You may sail into the Weddell Sea via the Antarctic Sound. Here huge tabular icebergs herald your arrival to the eastern side of the Antarctic Peninsula. During this part of the cruise, the search is on for emperor penguins. Using both the vessel and helicopters, there’s a good chance you’ll find them. You might also enjoy scenic flights, and if conditions allow, helicopter landings in locations otherwise out of reach this time of year.
Helicopter flights are a true trip changer, and may include:
The west slopes of the Antarctic Sound – The western side of this area is only rarely seen from the air, though the landscape is truly worth the flight: Layered sandstones, lava flows, glaciers, icebergs, and pack-ice extend as far as the eye can see. There are often individual emperor penguins and Adélie penguins on the ice floes, as well as kelp gulls, skuas, and various breeds of petrel. Jagged mountain peaks stab through the snow, and enormous walls of ice lie shattered on the slopes below.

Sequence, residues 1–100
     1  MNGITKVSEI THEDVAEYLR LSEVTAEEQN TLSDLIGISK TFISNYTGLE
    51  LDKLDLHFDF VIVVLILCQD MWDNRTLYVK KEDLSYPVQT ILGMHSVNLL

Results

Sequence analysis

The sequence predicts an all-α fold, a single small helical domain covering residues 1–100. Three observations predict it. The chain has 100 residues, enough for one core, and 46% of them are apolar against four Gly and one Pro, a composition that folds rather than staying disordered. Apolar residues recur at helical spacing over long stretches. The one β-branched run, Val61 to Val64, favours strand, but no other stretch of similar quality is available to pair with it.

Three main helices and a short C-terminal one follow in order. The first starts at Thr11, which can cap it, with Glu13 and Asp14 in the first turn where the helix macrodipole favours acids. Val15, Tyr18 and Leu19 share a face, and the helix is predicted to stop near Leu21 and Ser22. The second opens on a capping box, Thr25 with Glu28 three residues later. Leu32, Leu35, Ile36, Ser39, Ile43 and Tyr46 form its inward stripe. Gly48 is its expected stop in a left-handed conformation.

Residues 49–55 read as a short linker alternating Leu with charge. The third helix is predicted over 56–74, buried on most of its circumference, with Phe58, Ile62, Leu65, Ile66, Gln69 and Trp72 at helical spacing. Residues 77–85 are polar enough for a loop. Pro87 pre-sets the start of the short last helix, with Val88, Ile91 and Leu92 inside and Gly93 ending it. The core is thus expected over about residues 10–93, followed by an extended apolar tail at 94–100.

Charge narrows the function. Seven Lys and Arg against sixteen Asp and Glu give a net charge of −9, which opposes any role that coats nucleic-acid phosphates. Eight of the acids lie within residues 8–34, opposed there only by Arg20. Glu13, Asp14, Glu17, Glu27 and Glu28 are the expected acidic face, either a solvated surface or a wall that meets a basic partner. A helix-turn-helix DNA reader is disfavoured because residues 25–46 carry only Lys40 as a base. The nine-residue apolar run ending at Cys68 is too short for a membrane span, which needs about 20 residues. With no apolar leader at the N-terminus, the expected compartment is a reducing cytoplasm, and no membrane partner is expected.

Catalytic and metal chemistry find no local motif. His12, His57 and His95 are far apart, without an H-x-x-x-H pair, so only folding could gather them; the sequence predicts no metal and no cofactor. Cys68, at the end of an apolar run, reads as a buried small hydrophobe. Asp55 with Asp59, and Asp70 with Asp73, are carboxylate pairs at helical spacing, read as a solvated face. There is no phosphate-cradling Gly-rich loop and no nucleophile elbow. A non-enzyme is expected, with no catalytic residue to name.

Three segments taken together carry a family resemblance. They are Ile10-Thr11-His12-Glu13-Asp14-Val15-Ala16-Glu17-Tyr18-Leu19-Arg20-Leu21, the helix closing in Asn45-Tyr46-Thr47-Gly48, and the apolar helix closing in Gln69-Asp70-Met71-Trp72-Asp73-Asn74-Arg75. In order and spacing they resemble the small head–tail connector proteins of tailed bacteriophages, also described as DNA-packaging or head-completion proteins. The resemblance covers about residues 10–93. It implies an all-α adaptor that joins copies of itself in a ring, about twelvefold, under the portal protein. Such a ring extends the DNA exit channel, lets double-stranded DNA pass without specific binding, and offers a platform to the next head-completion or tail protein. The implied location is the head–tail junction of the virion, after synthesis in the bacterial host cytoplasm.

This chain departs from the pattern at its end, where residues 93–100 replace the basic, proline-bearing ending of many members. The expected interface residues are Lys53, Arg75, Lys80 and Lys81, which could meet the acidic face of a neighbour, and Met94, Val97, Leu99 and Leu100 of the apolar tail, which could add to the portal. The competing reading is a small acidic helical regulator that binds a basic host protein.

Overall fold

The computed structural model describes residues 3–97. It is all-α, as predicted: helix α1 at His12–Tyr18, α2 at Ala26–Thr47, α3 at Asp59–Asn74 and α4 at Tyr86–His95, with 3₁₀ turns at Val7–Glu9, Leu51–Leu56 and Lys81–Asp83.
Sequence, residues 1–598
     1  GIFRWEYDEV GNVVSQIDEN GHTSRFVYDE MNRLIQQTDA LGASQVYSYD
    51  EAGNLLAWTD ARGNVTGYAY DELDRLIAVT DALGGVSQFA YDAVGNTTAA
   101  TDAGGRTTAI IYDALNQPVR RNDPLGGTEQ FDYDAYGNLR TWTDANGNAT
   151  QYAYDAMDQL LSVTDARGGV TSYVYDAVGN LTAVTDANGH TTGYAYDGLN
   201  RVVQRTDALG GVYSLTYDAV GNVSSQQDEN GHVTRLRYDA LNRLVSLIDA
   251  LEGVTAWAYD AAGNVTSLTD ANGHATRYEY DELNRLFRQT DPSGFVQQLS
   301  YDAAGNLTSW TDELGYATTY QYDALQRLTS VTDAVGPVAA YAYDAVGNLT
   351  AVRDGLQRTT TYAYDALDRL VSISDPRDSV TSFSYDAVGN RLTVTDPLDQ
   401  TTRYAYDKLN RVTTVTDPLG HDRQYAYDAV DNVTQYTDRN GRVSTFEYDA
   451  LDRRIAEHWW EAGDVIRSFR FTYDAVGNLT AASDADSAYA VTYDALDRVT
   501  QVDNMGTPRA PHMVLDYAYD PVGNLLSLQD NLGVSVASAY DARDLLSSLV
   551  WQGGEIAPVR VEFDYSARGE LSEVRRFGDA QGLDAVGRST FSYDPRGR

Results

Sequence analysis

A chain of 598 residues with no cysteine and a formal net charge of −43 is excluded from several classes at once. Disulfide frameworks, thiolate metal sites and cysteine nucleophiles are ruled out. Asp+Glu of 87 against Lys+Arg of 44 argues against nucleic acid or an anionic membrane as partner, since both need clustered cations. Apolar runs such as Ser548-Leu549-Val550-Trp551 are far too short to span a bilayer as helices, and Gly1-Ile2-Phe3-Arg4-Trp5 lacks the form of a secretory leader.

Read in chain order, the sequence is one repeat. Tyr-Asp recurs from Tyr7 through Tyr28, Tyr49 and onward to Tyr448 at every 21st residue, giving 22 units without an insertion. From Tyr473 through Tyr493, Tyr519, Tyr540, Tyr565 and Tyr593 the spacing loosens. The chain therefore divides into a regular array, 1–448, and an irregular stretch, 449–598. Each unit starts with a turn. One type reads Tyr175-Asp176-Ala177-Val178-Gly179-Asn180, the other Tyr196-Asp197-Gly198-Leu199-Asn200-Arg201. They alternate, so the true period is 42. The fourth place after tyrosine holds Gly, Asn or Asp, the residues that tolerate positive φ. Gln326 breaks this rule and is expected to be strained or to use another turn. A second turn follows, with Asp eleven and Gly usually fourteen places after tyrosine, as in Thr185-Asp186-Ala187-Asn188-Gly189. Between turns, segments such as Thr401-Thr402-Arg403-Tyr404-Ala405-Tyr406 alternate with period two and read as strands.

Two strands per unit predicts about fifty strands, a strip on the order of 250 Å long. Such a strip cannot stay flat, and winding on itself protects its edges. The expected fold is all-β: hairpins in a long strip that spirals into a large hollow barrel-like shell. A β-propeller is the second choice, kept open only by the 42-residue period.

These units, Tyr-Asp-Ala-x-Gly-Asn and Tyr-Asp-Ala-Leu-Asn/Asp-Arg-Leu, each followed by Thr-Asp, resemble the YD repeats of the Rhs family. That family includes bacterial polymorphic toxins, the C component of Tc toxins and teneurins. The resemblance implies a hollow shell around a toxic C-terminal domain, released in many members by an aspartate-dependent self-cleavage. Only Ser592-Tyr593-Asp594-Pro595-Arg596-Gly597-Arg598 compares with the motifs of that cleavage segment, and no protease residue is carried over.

Duse Bay – A soaring helicopter flight may deposit you on a rocky hillock close to an old refuge hut overlooking this bay. There’s still a lot of snow and ice this time of year, but much of the walk in this location is over frost-shattered rock covered with lichen of all shapes and colors.
Seymour Island – This is where the Swedish Antarctic Expedition of 1901 – 4 wintered under harrowing polar conditions. Sedimentary rock, fossils, and expansive views define this location.